Paull, John (2010) Nanotechnology, No Free Lunch. Platter, 1 (1), pp. 9-17.
- Published Version
Available under License Creative Commons Attribution.
Nanotechnology is the new science and technology of the super small. Particles at the nano-scale, from one to one hundred billionths of a metre, exhibit novel properties. Nanotechnology is an active area of research and rapid commercialization. The food industry has been targeted as a potential recipient of this new technology and engineered nanoparticles are reportedly already in some super-market products. Nanotechnology is currently unregulated, and there are no requirements for mandatory labelling, this leaves consumers unprotected and uninformed. Consumers are largely unaware of nanotechnology, expect labelling on nano-products, are unclear of the cost/benefit balance, and express an unwillingness to purchase nanofood. The asymmetric information status of nanotechnology, together with its undetermined safety, raises issues, opportunities, and risks for food manufacturers and retailers. Some local organic food standards, including AUstralia and UK, have nanotechnology exclusions in place.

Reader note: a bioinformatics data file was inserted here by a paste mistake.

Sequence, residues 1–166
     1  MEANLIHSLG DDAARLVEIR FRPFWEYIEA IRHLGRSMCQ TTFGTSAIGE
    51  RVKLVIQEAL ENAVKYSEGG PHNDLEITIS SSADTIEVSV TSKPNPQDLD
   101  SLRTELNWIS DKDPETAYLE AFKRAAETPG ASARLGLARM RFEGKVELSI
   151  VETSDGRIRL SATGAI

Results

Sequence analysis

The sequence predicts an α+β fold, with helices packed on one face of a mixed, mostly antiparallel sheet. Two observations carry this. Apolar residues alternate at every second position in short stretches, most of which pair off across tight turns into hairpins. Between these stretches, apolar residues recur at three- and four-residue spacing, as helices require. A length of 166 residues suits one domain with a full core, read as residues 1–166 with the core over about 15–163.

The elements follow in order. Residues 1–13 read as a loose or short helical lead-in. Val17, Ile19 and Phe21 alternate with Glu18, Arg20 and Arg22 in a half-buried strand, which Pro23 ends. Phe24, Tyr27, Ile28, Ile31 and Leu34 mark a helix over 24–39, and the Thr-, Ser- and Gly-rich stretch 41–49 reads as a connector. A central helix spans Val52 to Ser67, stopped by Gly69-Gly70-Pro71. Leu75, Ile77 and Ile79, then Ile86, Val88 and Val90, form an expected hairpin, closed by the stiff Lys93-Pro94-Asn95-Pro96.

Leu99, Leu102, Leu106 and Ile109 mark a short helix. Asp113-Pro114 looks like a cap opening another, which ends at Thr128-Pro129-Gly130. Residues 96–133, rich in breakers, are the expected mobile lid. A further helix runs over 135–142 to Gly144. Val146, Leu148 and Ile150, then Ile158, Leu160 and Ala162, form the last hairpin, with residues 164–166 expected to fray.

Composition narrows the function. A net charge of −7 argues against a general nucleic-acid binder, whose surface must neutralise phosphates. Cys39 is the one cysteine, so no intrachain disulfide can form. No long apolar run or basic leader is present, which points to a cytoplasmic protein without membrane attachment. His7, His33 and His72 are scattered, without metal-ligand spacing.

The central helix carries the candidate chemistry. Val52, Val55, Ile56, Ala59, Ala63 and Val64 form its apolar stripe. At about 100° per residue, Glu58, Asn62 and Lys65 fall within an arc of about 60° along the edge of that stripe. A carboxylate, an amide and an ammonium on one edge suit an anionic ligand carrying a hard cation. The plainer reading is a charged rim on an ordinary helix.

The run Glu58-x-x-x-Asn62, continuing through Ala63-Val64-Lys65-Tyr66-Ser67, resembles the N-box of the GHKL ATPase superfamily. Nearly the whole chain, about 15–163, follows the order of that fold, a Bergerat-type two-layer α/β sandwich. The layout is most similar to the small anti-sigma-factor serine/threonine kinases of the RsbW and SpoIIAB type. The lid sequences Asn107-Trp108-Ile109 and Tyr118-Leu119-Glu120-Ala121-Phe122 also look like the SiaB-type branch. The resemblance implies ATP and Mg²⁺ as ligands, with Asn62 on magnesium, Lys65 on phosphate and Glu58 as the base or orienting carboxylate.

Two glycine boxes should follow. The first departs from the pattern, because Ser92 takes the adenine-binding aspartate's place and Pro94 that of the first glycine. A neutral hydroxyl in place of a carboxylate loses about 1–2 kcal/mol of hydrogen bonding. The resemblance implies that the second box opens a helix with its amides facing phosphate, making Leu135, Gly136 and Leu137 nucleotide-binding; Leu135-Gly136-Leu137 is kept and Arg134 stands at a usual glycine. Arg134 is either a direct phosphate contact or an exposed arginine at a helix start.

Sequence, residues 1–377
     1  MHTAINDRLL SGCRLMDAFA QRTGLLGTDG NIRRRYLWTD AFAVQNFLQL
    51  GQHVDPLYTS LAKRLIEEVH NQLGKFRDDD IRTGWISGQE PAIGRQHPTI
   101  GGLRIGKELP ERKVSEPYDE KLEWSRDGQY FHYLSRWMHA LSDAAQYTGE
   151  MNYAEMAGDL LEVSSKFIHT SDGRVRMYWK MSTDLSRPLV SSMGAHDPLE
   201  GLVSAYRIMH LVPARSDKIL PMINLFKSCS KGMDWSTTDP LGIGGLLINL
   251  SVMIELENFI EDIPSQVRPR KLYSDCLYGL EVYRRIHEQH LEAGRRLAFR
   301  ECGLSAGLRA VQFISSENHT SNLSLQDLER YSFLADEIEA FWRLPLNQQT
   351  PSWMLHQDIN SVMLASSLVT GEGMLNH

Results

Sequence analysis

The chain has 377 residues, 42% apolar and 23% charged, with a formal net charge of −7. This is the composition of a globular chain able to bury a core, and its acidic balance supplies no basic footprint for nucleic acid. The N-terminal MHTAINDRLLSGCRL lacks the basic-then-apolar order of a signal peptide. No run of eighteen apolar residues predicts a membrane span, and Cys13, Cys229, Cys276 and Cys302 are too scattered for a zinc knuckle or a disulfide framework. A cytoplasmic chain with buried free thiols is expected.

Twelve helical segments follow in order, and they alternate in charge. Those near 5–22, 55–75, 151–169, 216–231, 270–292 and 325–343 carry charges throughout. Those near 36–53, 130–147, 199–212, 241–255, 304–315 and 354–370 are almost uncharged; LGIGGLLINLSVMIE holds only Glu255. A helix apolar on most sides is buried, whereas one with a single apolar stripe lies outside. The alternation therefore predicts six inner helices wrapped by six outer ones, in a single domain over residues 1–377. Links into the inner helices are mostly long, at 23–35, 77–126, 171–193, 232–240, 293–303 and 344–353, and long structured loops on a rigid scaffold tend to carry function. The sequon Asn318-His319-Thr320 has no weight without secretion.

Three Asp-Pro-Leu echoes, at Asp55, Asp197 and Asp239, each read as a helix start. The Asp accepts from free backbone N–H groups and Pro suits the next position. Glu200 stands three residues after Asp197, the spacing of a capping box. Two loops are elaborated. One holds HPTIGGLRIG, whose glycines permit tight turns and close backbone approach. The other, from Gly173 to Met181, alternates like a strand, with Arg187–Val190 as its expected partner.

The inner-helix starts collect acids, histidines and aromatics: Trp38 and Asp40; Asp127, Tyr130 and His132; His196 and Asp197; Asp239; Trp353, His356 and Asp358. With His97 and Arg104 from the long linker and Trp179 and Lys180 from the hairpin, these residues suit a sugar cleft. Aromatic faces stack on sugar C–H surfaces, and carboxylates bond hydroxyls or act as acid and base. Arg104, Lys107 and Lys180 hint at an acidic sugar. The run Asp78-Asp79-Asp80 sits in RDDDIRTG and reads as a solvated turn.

|EPrint Type:||Journal paper|
|Keywords:||nanotechnology, nanofood, standards, risk, nanoparticles, engineered nanoparticles, labelling, labeling, consumer|
|Subjects:||"Organics" in general|
Food systems > Food security, food quality and human health
Values, standards and certification > Regulation
Values, standards and certification
Values, standards and certification > Consumer issues
|Research affiliation:||Australia > Australian National University|
|Deposited By:||Paull, Dr John|
|Deposited On:||02 Mar 2010 08:05|
|Last Modified:||12 Apr 2010 07:43|
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